Website visitor Alan M. wrote to request that I scan this Dancer
article from the February 1971 edition of American Aircraft modeler.
The Dancer is a beginner's level control line trainer model for
1/2A power. It was designed and built by AMA Junior level modeler
Dennis Haimerl. A unique feature of the Dancer is use of a leading
edge slot to enhance lift and stall characteristics of the flat
airfoil of the wing.
by the Author
Dennis Haimerl is a Tenderfoot modeler, but he has designed his
own control line trainer. Full-size and ready-to-use plans are on
pages 45 and 48.
What makes a good beginner's model? It must be rugged, easy
to make, interesting, fairly slow, and easy to fly.
Dancer is a simple model to construct because of its straight
design. It does require elevator hinges, but they are not difficult
to install. Hinging methods other than cloth (or other fibered materials)
are up to the builder. However, cloth is best.
Ready-to-use plans are on the back of the magazine's centerspread.
For the wing use a 1/8 x 3 x 24" piece of balsa. Mark its center
and align with the center of the plans. Wing tops are placed at
the end of the balsa. Cut out the pieces.
After the wing has been assembled, pin it down on a flat board.
Apply cement liberally to the center of the wing and set the fuselage
piece in place. Add the 1/4 x 1/4 x 3" fillets to each side and
hold in place with pins. Using a small square, make sure the fuselage
is exactly vertical to the wing. Apply cement to the center of the
stabilizer and slide it into position in the fuselage slot. Again
use the square to be sure the trailing edge of the stabilizer is
at a right angle to the fuselage. Measure the distance from each
stabilizer tip to the building board and make sure they are the
Be sure the rudder is parallel to the fuselage. Set the trailing
edge of the rear piece offset 3/4 in. to the right of the fuselage.
Dancer beginner control line model.
The slot makes the flat wing act like a proper airfoil.
Large rudder and offset keep lines tight. Note slot gap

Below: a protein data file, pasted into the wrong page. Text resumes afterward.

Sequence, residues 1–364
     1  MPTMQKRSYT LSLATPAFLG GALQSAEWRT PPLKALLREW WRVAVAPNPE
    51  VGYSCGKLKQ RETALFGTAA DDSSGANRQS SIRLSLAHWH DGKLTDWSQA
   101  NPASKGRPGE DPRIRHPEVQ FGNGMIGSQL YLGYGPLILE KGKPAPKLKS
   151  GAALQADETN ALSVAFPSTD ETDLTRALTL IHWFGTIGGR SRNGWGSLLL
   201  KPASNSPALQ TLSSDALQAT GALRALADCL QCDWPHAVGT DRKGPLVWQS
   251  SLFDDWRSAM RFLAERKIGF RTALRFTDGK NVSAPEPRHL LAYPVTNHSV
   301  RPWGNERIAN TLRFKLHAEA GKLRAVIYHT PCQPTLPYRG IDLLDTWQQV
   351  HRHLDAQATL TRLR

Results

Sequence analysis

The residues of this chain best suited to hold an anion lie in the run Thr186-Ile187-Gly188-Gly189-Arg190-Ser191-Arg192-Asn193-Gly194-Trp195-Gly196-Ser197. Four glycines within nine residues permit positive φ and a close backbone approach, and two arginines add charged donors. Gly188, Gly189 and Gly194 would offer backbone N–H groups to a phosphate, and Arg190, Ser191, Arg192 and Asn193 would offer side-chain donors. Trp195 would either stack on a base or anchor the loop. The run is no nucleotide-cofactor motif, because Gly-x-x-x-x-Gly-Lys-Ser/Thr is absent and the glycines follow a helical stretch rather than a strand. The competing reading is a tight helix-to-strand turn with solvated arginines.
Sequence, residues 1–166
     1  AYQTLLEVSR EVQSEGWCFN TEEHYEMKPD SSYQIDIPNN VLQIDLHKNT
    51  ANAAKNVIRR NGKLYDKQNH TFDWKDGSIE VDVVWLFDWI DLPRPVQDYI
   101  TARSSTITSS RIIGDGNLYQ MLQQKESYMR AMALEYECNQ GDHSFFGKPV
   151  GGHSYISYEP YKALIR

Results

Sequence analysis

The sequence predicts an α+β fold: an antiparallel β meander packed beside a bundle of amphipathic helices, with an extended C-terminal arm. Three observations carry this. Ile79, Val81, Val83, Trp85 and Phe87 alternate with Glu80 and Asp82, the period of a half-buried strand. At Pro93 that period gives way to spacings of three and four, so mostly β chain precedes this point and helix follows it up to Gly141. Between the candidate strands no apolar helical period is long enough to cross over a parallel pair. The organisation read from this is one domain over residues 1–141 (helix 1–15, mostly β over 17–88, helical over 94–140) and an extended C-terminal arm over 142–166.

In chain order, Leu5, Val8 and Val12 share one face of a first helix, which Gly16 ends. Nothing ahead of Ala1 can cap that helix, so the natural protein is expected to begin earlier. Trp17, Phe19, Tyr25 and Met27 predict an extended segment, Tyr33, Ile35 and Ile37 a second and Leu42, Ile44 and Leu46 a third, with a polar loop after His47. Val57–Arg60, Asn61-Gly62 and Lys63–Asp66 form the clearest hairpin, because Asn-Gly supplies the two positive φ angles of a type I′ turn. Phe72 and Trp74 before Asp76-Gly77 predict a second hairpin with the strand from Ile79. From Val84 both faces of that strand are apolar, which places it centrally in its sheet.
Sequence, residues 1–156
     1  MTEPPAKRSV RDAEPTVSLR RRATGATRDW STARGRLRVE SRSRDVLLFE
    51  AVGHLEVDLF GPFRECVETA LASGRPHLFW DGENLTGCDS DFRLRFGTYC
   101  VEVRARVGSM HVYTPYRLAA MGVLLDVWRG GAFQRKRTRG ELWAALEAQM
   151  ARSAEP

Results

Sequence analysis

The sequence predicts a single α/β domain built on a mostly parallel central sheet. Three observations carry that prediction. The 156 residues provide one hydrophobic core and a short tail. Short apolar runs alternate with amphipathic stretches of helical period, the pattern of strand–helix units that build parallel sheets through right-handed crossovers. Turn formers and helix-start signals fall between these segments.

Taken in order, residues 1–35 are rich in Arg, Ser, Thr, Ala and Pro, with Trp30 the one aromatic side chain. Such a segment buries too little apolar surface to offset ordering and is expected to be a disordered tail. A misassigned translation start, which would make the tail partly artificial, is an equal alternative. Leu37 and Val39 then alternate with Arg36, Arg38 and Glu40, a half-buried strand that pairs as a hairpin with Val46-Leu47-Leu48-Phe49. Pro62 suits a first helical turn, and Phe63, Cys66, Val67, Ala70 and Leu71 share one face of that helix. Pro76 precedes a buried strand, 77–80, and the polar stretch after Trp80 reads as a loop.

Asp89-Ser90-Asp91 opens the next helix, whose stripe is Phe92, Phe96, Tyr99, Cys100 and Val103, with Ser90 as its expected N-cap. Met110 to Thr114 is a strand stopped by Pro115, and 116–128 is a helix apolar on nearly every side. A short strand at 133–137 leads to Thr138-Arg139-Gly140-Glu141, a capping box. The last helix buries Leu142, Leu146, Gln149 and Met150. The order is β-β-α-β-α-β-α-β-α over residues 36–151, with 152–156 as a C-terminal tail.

Apply cement to the back of the plywood firewall and to the two
1/2" gussets, then set into place. The firewall must be tight against
the front of the fuselage. Cement two of the 1/16" plywood pieces
to the wing at the bellcrank location. Allow the whole assembly
to dry overnight.
Since the Dancer was built for flying, paint should be kept to
a minimum. First smooth all edges with fine sandpaper, then apply
only a few coats of clear dope.
When the dope has dried, assemble the slot. It should be sanded
as shown on the plans for best performance. Cement the triangular
slot supports to the wing and, when they have dried, glue the slot
in place. Cover these parts with clear dope. The entire model may
then be covered with one or two coats of color dope, if desired.
After the final coat has dried, the controls and engine are installed.
Mount the horn on the elevator and bend the pushrod to fit. Put
the pushrod into the outer hole of the bellcrank, which is then
set on the 1/16" plywood pieces attached to the wing. Drill a 3/32"
hole through the bellcrank mount and attach the bell crank with
screws. If desired, make a landing gear of 1/16" music wire and
mount it between the engine and the firewall.
Flying is easy. Use a 6-3 propeller and 20- to 30-ft. flying
lines. Launch downwind to keep the lines tight. Have your helper
toss the model level so that the controls are not jerked.
1 Baby Bee 049
1 pc. 1/8 x 3 x 24"
1 pc. 1/4 x 3 X 12" balsa fuselage
1 pc. 3/32
x 3 x 15" balsa tail
2 pcs. 1/4 x 1/4 X 3" balsa wing fillet
2 pcs. 1/2 x 1/22 x 1 3/4" balsa firewall gusset
1/16 x 3/4 x 1" plywood
1 pc. 1/8 x 1 1/4 x 1 3/4" balsa firewall
1 pc. 1/8 x 1/2 x 12" balsa slot
1 1/2-A-size bellcrank
and horn package
1 pc .055 x 12" music wire pushrod
x 9" music wire landing gear
1 pc. 2 x 3 1/2" silk cloth hinges
1 pc. 1/16 x 1/2 x 2" plywood
2 light 1-in. dia. wheels
4 #3 x 3/8 wood screws
small jar clear dope
Here is a B&W version of the Dancer plans.
The AMA Plans Service offers a full-size
version of many of the plans show here at a very reasonable cost. They will scale the plans any size for you. It is always
best to buy printed plans because my scanner versions often have distortions that can cause parts to fit poorly. Purchasing
plans also help to support the operation of the Academy of Model
Aeronautics - the #1 advocate for model aviation throughout the world. If the AMA no longer has this plan on file, I
will be glad to send you my higher resolution version.
Try my Scale Calculator for Model Airplane Plans.
Posted on June 14, 2013